Advertisement
Politics

Did Elizabeth Warren just end John Delaney’s two-year presidential journey?

Former Rep. John Delaney of Maryland
Former Rep. John Delaney of Maryland
(Charlie Neibergall / Associated Press)

Few have put in as much time and effort to become the Democratic nominee for president as businessman and former Maryland congressman John Delaney.

Delaney announced his run way back in July 2017 — two years ago, and 1 1/2 years before Sen. Elizabeth Warren of Massachusetts threw her hat in the ring in February. He’s been grinding out events and making connections in the key states of Iowa and New Hampshire. He got the donors necessary to qualify for the first round of presidential debates.

And after all that, it’s entirely likely that Delaney’s greatest moment of prominence in the 2020 campaign came and went Tuesday night, as the progressive Warren turned Delaney into a punching bag in some of the night’s most talked-about moments.

“I don’t understand why anybody goes to all the trouble of running for president of the United States just to talk about what we really can’t do and shouldn’t fight for,” Warren told Delaney, drawing a delighted cheer from the crowd, after the former representative cast Warren’s position on healthcare as too extreme.

Advertisement

Warren turned in another one of the night’s most meme-able moments when the camera caught her wryly rubbing her hands together when a moderator pointed out that her proposed wealth tax would apply to Delaney. (Afterward, someone jokingly vandalized Delaney’s Wikipedia page to say that he died Tuesday night — from being murdered by Warren.)

Delaney wasn’t pleased with that — as he decided to make known on Fox News, not exactly Democratic primary voters’ top source of political news.

“When I point out that the things she’s proposing are either impossible promises or fairy-tale economics, she says, ‘Oh, you’re not being ambitious enough,’” he said. “I think it’s just kind of lazy and a dishonest response.”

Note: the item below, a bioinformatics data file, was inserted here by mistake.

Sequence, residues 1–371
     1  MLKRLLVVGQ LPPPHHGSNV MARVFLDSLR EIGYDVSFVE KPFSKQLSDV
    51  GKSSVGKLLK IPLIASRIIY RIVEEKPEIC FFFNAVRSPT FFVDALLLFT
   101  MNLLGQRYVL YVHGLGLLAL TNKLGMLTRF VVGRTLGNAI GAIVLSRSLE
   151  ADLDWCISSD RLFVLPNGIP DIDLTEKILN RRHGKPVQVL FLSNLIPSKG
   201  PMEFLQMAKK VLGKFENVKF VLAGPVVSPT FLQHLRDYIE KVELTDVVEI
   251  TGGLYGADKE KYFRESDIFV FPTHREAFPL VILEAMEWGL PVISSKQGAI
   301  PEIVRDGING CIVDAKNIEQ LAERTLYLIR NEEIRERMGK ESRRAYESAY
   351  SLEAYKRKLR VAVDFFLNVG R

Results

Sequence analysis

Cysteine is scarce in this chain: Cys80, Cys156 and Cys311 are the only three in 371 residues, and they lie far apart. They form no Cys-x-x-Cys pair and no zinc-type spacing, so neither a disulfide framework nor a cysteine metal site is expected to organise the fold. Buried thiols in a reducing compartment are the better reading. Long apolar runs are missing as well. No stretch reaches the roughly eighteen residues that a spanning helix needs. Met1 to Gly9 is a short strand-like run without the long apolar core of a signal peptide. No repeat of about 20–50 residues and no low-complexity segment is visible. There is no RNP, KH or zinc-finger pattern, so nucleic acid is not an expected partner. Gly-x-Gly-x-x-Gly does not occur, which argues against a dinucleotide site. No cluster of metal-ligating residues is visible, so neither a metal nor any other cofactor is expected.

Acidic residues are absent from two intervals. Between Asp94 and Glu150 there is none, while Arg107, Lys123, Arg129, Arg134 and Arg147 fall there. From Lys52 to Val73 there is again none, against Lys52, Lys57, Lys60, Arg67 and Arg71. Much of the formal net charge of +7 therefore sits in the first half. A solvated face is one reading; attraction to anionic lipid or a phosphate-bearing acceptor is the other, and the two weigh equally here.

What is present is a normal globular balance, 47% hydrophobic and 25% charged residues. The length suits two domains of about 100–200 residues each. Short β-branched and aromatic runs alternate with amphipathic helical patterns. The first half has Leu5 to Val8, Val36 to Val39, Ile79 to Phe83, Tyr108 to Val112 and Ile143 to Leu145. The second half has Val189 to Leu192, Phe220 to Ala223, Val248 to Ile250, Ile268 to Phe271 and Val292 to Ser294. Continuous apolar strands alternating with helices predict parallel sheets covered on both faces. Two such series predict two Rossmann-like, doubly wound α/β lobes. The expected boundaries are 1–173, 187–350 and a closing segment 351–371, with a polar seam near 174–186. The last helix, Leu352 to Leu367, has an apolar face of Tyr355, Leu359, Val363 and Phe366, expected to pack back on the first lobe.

Advertisement

Sen. Kamala Harris and former Vice President Joe Biden played defense, hecklers protested Bill de Blasio, and healthcare policy won the spotlight again.Here are our five takeaways from Night 2 of the debates in Detroit>>

Speaking of economics, the proverbial winner-take-all market of primary voters and donors are about to decide Delaney’s fate. If last night’s debate wasn’t enough to push Delaney up to 130,000 individual donors and 2% in the polls, he won’t qualify to make it back onto the debate stage in September, which would almost certainly spell doom for his long-running campaign.

Democratic Presidential Candidates Debate In Detroit Over Two Nights
DETROIT, MICHIGAN - JULY 30: Democratic presidential candidates Marianne Williamson, (L-R), Rep. Tim Ryan (D-OH), Sen. Amy Klobuchar (D-MN), Indiana Mayor Pete Buttigieg, Sen. Bernie Sanders (I-VT), Sen. Elizabeth Warren (D-MA), former Texas congressman Beto O’Rourke, former Colorado governor John Hickenlooper, former Maryland congressman John Delaney, and Montana Gov. Steve Bullock take the stage at the beginning of the Democratic Presidential Debate at the Fox Theatre July 30, 2019 in Detroit, Michigan. 20 Democratic presidential candidates were split into two groups of 10 to take part in the debate sponsored by CNN held over two nights at Detroit’s Fox Theatre. (Photo by Justin Sullivan/Getty Images)
(Getty Images)

Fellow debater and moderate Rep. Tim Ryan of Ohio was in a similar position Wednesday, after tussling with democratic socialist Sen. Bernie Sanders of Vermont, who scored another viral moment at a moderate’s expense when he roared, “I wrote the damn bill!” after Ryan questioned Sanders’ knowledge of what would and wouldn’t be covered under a “Medicare for all” plan.

Except Ryan was dealing with an entirely separate problem Wednesday morning that was entirely of his own making, and had nothing to do with policy: He didn’t put his hand over his heart during the national anthem as a color guard of military veterans presented the flag.

In the age of athletes kneeling during the anthem as a demonstration against police shootings, abuse and racism, Ryan’s campaign rushed to clarify that he “wasn’t protesting and didn’t mean to make any statement.”

“It was a moment of absentmindedness while on a debate stage that won’t happen again,” his campaign said in a statement, adding that, “Congressman Ryan loves our country.”

Sen. Kamala Harris and former Vice President Joe Biden played defense, hecklers protested Bill de Blasio, and healthcare policy won the spotlight again.Here are our five takeaways from Night 2 of the debates in Detroit>>


Newsletter
Get our twice-weekly Politics newsletter
Advertisement